All is not well, or it would be a very short book. During a dinner party, Vimes is told by one of the local gentry how quiet things are and how little there could be to interest someone who is used to the criminality of the big city. Vimes’ ears immediately prick up. Sometime later, he accepts a challenge to a fistfight from the local blacksmith who has egalitarian views similar to Vimes’ and isn’t afraid at all to share them at great volume and with great resentment. The blacksmith, Jethro, is young and strong and fast, but he had the decades of fighting people who are actually trying to kill him that Vimes has had, and it’s a short and one-sided fight.
Vimes follows up by buying drinks for the assembled crowd, and it’s score two for the local landed gentry, who are not only quick and combative but generous to their people. Vimes, though, senses that Jethro has more specific grievances, and the two of them arrange to meet at midnight on an isolated hill so that Vimes may hear what Jethro is reluctant to say in front of the crowd.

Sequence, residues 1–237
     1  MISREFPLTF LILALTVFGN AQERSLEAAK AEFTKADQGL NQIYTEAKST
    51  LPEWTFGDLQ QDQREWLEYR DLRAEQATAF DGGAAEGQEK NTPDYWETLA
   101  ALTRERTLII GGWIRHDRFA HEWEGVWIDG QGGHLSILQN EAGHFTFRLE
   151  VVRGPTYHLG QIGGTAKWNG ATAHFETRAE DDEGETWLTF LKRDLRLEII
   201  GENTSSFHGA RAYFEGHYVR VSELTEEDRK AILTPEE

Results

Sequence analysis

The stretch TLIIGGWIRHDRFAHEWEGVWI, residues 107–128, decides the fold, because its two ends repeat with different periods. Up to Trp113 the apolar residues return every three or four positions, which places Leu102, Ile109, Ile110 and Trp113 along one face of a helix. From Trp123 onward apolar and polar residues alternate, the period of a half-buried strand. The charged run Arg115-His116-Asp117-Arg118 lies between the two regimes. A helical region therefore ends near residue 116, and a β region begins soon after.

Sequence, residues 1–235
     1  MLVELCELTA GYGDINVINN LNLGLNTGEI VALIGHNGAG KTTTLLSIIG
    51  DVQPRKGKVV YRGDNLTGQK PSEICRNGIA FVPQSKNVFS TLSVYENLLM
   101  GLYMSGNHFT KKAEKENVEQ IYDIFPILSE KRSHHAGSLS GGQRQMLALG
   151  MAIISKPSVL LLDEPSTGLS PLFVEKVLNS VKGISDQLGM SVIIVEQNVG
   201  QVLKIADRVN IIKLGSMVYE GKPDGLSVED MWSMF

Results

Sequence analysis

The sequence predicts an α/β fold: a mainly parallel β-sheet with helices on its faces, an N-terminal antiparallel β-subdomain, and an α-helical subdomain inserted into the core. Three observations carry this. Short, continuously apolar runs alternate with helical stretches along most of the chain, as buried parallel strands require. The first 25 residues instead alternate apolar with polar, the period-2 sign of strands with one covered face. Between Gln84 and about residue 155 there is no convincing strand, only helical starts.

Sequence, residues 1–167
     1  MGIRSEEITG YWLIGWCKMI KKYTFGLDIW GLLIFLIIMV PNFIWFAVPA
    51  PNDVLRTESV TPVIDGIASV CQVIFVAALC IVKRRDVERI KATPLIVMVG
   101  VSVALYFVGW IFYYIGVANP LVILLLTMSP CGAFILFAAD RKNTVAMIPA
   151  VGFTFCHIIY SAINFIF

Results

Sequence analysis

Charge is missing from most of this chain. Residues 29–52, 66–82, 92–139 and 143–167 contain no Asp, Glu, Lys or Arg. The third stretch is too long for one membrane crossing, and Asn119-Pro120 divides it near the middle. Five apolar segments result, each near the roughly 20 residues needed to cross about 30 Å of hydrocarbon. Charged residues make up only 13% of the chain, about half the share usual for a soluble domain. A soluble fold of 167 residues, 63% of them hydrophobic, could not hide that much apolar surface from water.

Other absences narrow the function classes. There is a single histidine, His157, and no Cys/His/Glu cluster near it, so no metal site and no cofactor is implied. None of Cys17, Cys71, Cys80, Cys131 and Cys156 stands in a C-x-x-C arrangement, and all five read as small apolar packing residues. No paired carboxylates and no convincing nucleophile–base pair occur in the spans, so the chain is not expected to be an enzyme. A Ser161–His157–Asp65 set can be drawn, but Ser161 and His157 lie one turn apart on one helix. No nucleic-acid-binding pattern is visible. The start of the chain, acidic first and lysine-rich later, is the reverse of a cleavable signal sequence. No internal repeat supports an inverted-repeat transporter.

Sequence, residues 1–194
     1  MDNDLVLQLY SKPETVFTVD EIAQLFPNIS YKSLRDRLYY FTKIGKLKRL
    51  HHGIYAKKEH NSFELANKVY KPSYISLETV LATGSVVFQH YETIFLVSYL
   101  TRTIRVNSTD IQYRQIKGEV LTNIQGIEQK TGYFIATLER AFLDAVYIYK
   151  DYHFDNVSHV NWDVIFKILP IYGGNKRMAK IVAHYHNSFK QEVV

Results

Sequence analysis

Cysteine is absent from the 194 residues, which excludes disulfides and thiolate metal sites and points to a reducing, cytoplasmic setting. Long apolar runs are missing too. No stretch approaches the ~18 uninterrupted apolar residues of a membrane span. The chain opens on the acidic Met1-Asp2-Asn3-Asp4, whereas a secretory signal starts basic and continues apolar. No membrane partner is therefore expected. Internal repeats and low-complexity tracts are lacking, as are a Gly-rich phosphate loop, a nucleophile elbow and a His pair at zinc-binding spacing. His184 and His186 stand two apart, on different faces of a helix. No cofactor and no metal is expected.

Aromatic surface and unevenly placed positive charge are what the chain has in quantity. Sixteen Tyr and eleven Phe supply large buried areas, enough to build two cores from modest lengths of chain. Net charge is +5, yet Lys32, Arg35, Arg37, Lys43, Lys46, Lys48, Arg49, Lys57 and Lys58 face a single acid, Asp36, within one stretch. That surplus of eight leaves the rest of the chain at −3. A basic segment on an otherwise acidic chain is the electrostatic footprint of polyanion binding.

Jethro, however, goes missing, and the only thing that Vimes finds at the top of the hill is a great deal of blood. The next morning, the local constable attempts to take Vimes into custody on suspicion of murder.
With that, events are well and truly underway. Whose interests has Vimes impinged on enough to try to set him up? What has been happening to the local goblins? Are goblins as horrible and mindless as practically everyone on the Disc seems to think? (It is no great surprise that the answer to this question is No.) How will Vimes make the connections and sort out the situation? At this point in the series, there is no doubt that he will, but the joy is in seeing just how.